Now is the proper time, says the Doyles-town Democrat, for men who are interested in the welfare and success of the Democratic party to begin work. Our State has been so long subject to Radical domination, that it will require a vigorous effort on our part to overcome the force of the tide. There is always a vast floating vote which is cast upon the popular side for that party which it is supposed will be successful. Men like to think that they have contributed to the success of a candidate, or a party, and naturally too, for success is always more pleasant than defeat. In Pennsylvania there are a great many men who are utterly tired and sick of the Radical programme; men who are sharp sighted enough to see that the party in power is corrupt and wicked, while it is also weak and imbecile; and men honest enough to turn from a rotten party to one which will keep its promise and stand by its principles. Such men as these want only the encouraging, kindly words of advice and counsel to bring them into the Democratic ranks. Then, too, there are thousands of weak Democrats, men whose principles are sound, but who lack the energy or the courage to maintain them either at the ballot box or in discussion. Such men need to be looked after and kept entirely within the ranks. In short, there are many classes of men who will vote the Democratic ticket in October next, if they are properly influenced and encouraged, but not otherwise. Now, how may we obtain these votes? Generally speaking, it is a fact that public political meetings are humbugs. Fuss and feathers, bands and orators, persuade no one; they are necessary, perhaps, to keep up the enthusiasm of the people, but it is well known by all who have ever investigated the matter, that they make no votes. Now, votes are just what we need. Of what value to us is the enthusiasm and devotedness of the people, if, nevertheless, we are beaten? The main matter is to elect our candidates, and this can be done in but one way, vis: by the personal efforts of the Democrats of Pennsylvania. Explain the principles of the party to your vacillating neighbor; tell him who are our candidates; what is their record, personal and political; contrast the strength of mind shown by Packer, with the weakness manifested by Geary; tell of Pershing's proud record, as almost the only member of a corrupt Legislature, who was perfectly pure, a man honest and honorable above reproach. Bring all these facts before the people, fully and fairly, and by this time next year we shall be living under a Democratic Legislature, which will not employ quite so many "pasters and folders" as the last one saw proper to do. Try it; do not wait for political meetings.
Open Air Concert
(Column 01)Summary: The Silver Cornet Band will give a concert at the Rose Dale grounds. Refreshments will be served.Church Steeple
(Column 01)Summary: The work on the steeple of the Central Presbyterian Church continues. A man named Evans from Philadelphia is overseeing framing of the timbers, and the ability of the crew to work comfortable at such a height is the wonder of the town.Court Proceedings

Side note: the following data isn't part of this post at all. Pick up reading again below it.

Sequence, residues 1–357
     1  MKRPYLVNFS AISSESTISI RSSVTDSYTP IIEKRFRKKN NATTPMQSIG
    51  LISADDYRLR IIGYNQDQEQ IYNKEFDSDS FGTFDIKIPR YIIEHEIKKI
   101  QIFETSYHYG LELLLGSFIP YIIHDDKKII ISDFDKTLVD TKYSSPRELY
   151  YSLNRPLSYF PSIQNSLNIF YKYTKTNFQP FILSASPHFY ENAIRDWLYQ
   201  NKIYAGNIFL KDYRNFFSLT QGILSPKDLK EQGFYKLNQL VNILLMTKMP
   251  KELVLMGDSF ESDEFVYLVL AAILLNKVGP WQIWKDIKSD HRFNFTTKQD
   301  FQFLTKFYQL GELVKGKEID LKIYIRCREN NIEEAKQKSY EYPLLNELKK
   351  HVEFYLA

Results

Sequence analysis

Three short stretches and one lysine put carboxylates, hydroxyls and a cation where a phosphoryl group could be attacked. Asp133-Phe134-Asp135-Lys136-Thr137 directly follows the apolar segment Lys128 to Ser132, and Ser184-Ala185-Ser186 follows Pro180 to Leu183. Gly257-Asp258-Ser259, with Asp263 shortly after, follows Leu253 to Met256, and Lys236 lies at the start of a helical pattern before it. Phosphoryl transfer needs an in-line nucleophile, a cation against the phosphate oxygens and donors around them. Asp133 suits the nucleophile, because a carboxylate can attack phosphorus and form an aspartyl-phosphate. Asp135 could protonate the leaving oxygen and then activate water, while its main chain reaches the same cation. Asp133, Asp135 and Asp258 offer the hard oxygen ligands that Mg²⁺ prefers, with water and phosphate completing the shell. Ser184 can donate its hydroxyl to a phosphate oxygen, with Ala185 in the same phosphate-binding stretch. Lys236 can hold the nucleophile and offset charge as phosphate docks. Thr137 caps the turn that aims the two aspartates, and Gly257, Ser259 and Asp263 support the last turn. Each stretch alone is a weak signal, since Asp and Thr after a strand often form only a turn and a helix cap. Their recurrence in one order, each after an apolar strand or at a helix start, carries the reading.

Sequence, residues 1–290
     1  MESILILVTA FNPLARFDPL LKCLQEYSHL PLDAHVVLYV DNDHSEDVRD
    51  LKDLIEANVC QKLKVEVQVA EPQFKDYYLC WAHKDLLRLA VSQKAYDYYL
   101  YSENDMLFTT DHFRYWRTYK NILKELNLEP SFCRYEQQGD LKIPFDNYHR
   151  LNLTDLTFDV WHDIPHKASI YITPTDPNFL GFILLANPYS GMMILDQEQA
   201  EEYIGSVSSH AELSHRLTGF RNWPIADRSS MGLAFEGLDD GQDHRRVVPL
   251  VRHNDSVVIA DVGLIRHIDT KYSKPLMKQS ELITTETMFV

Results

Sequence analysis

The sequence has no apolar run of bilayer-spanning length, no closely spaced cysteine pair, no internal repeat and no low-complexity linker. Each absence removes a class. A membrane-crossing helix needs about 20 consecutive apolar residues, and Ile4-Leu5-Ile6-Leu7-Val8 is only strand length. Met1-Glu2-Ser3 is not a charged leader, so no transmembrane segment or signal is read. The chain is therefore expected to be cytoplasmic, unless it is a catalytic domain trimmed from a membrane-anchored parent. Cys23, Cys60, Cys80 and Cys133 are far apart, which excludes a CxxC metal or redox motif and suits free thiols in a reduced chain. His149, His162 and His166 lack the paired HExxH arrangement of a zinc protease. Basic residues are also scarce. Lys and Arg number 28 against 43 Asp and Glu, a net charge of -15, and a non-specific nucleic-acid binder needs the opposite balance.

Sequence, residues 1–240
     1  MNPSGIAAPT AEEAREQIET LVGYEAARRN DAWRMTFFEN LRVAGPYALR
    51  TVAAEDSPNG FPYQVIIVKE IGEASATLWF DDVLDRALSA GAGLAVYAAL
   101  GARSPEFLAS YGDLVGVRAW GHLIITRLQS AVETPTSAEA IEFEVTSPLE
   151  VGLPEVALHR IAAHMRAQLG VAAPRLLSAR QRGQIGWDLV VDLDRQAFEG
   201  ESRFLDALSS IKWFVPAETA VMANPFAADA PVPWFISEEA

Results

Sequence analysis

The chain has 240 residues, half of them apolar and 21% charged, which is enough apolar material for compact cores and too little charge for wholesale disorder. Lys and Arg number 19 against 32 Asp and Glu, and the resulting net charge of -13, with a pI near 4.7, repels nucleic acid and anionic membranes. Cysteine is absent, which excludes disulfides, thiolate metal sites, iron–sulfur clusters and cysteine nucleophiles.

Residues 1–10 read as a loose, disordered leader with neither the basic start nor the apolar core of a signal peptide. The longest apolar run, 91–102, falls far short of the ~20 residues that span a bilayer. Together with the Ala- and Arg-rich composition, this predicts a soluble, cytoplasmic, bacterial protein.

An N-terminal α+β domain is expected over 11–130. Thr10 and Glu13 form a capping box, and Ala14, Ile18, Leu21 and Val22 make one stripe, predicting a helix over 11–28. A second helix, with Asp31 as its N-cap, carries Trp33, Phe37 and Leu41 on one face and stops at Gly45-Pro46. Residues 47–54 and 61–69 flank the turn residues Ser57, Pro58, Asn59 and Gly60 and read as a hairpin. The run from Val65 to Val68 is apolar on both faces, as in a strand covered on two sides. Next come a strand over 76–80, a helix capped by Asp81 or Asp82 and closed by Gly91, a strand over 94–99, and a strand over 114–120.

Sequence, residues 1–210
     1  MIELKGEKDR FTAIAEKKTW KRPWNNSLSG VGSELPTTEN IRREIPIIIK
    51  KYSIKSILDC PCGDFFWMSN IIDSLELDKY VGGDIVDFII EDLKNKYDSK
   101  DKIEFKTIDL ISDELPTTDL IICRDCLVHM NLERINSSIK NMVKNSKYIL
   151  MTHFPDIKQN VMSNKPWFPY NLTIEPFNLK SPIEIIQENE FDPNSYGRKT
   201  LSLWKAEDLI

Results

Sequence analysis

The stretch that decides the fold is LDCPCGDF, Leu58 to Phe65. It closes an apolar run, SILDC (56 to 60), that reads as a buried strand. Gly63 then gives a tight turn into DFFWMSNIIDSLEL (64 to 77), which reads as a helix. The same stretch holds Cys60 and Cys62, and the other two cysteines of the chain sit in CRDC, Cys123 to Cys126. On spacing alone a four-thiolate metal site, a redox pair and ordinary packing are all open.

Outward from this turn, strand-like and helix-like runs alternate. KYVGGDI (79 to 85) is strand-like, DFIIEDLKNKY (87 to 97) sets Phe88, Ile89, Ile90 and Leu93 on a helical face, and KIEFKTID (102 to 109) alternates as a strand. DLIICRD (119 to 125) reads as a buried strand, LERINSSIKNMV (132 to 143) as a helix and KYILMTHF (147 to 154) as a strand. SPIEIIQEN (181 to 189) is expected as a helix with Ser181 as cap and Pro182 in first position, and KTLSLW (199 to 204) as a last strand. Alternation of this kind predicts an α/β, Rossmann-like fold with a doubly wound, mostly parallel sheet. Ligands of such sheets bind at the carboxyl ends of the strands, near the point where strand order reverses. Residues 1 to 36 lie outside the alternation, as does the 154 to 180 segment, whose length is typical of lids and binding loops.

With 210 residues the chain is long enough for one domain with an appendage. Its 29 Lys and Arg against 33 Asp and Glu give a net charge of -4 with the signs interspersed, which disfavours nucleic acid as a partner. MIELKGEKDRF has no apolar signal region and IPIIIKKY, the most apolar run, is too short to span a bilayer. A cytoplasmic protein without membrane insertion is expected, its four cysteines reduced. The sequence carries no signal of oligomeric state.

(Column 03)Summary: Covers the county court proceedings, giving summaries of each case and the verdicts. Also lists all the cases dismissed or ignored and licenses granted or refused for local businesses.
(Names in announcement: Branton Williams, Elizabeth Williams, James Hunter, Andrew Meads, John Diggs, George Needy, Joseph Hade, Daniel Gilds, David C. Brandt, Elias Zearfoss, Frederick Smith, Jacob Spital, Isaac Derringer, Frank Jones, James Wilson, James Auckerd, Sarah A. Myers, William Hamilton, Adam B. Wingert, John R. Turner, John Russell, Barnet Long, William Hafer, Benjamin S. Reisher, Joseph Hiesy, Thomas Hoeflich, James C. Patton, James W. Robinson, Starr S. Hays, George Shough, Henry Burkhart, Henry Meads, Richard Ramsey, Henry Dorty, John Reesner, Mary Naugle, Eveline Jameson, Philip Weidman, Peter Myers, Nancy Adams, Francis Bowden, John Allison, Elizabeth Banks, Hamilton Rowe, Michael Miller, Vincent Smith, Harper, Strealy, Harman Haulman, W. C. McNulty, Hefleman, George A. Rodgers, William Bender, Lewis Stull, Nathan Sterling, George W. Wilkins, John Harmony, Frank Spital, Stenger, F. M. Kimmell, J. McDowell Sharpe, Kennedy, Stewart)Full Text of Article:Married
As we went to press last week the case of Com. vs Branton Williams, Elizabeth Williams, James Hunter, Andrew Meads and John Diggs was being tried. These parties were indicted for attempting to extort money from Mr. John Huber by threats of public exposure of falsely alleged improprieties on his part. Verdict guilty. Branton Williams and Elizabeth Williams were each sentenced to two years, and James Hunter and Andrew Meads, each to one year's imprisonment in Eastern Penitentiary. Diggs was sent to the County jail for six months.
Com. vs. George Needy and Joseph Hade. Charge of burning a store room or warehouse. Verdict Not Guilty.
Com. vs. Daniel Gilds and David C. Brandt. Charge of a conspiracy to cheat Elias Zearfoss out of a young bay horse valued at $150 by trading him a glandered horse. Verdict guilty. Motion for a new trial.
Com. vs Frederick Smith. Larceny of a table cover worth $1.50. Defendant pleaded guilty. Sentenced to pay costs and 30 days in county jail.
Com. vs. Jacob Spital. Charge of Adultery with Mary Ann Derringer. Isaac Derringer, Prosecutor. Verdict Not Guilty but Def't. to pay costs.